It’s a funny old thing this parenting malarkey. It is the single most important job you will ever undertake and yet no training or experience is given or required. The job description would, I think, read something like this:
Objective: keep small human alive and raise to make valuable contribution to society
- Physically strong (read: endless nappy changing, bouncing, holding)
- Resilient and motivated (read: sleep deprivation)
- Skilled negotiator (read: tantrum diffuser)
- Medical knowledge (read: colds, rashes, temperatures)
- Culinary excellence (read: personal chef)
- Organised (read: chief clothes washer and picker-uper)
- Creative (read: entertainer)
- Collaborative (read: you will never pee alone again)
Experience required: Zilch!
In an extraordinary twist of irony, to be able to sit on my backside at work and drink copious amounts of tea while I die a slow and tedious Excel death I have to complete various VDU assessments, undergo manual handling training and ensure I have my eye site tested every two years. And yet for parenting – nothing!
As a new parent I was completely overwhelmed by all the everyday decisions I had to make. Baby coughed – is it croup? Is it just a cold? Should I be worried? Is it nothing? There is a plethora of info floating around the internet but what can be trusted and what is utter tosh? Then add to the mix, well intentioned but potentially ill informed and outdated advice from family and friends and how do you know where to turn?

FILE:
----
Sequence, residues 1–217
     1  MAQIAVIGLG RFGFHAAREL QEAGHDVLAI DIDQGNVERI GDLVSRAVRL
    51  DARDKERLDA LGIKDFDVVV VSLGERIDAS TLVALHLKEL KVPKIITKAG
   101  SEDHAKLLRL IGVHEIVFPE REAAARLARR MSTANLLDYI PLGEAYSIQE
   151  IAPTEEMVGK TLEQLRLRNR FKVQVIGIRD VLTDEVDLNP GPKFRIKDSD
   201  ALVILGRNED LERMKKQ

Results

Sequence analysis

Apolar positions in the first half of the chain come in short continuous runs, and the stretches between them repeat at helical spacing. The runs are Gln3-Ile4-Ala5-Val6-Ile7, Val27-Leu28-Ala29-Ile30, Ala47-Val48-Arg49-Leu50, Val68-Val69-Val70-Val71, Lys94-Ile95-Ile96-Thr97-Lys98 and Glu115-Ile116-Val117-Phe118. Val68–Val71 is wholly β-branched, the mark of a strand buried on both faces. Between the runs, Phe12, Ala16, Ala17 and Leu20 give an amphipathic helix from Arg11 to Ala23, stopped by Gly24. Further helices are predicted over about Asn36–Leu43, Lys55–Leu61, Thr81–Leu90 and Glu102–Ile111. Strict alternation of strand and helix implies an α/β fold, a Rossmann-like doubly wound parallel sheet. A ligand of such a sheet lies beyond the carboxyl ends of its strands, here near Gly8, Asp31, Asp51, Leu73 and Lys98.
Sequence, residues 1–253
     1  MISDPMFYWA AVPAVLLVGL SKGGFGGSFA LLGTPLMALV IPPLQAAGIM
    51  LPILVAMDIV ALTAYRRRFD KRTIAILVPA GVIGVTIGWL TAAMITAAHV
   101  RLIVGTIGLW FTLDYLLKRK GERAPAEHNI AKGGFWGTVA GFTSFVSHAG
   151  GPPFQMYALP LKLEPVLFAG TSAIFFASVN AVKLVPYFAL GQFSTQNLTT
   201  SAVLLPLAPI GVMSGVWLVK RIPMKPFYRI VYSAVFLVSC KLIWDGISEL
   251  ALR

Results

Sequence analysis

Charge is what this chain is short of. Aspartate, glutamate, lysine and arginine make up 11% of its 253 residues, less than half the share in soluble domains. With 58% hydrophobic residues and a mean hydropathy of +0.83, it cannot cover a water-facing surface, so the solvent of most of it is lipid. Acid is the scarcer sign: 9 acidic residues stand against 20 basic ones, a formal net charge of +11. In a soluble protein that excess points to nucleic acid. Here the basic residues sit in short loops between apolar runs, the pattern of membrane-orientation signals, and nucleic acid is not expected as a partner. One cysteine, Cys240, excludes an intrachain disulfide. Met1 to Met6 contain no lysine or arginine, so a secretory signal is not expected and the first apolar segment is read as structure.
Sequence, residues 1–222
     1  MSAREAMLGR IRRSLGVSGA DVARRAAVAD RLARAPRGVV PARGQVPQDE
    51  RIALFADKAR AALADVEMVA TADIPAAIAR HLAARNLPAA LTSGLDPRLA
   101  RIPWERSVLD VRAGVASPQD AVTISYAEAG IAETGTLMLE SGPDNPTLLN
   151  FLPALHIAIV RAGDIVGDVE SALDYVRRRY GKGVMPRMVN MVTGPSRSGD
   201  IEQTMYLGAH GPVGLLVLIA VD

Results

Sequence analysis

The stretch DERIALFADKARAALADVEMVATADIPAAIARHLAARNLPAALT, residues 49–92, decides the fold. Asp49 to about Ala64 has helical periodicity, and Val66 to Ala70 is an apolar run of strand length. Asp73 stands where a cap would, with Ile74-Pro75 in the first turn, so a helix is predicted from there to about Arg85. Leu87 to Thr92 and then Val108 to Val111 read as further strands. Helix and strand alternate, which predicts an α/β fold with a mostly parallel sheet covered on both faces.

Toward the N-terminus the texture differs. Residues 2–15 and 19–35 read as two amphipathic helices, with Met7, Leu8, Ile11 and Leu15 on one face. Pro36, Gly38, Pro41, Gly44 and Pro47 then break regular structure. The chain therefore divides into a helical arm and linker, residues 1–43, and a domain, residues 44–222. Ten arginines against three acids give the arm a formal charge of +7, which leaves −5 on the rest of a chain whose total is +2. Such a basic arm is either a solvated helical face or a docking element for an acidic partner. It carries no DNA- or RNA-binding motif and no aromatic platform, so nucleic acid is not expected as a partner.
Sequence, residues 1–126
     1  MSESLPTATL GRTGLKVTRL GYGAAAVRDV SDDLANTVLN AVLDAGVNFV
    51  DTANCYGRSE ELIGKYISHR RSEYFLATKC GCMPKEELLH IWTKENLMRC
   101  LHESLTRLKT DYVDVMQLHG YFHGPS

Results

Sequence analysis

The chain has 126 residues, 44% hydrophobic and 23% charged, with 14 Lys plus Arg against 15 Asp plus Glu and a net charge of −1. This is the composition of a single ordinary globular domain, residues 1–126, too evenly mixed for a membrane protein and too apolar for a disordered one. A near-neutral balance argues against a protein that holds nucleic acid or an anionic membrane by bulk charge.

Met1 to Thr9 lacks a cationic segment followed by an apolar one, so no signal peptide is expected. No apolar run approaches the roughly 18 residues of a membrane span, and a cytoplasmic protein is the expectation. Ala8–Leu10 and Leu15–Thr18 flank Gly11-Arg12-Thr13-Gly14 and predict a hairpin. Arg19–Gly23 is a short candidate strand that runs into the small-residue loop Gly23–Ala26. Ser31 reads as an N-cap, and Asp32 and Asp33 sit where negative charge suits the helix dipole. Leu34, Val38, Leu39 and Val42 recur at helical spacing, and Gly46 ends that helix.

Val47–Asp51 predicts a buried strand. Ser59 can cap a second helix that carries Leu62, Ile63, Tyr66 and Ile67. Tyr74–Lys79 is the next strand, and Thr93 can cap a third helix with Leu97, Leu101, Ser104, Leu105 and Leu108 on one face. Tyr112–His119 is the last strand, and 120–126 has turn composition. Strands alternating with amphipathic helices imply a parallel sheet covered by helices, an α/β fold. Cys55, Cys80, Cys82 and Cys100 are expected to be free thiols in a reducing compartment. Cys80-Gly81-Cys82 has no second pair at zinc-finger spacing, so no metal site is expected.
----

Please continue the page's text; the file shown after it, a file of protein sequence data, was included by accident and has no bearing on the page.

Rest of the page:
I am unashamedly pro vaccine even paying for my first sproglet to have the MenB jab as he was too old when it became part of the mainstream vaccination program. Millions of pounds and years of research go into every vaccine before the NHS offer them so I do struggle when I hear comments questioning how safe they are. This year Seb hit the criteria to receive the nasal flu spray, did he have it? Of course he did!
I have always tried to make sure any reading and advice I take is from informed and accurate sources so when it comes to vaccinations and family health I’ll speak to the GP or visit NHS Choices website. I been asked “but won’t it give him flu?” Or “is it safe?” And again I would direct anyone to the NHS Stay Well This Winter campaign – check it out here.
Flu is not like a cold, it doesn’t add to their immune system and young children are potentially at risk of nasty complications such as bronchitis or pneumonia. Having the flu vaccine also helps to prevent the spreading of nasties to your nearest and dearest so given Seb has a 7 month old sister and spends a lot of time with his 84 year old Great Grandad this is doubly important to me. And one of the best things? It’s not even a jab. Just a quick squirt up each nostril, quite frankly, I’m not sure he did that much to deserve the sticker he received! So, if you haven’t popped along to your GP or pharmacist yet with your 2 or 3 year old I would definitely urge you to do so. #staywellthiswinter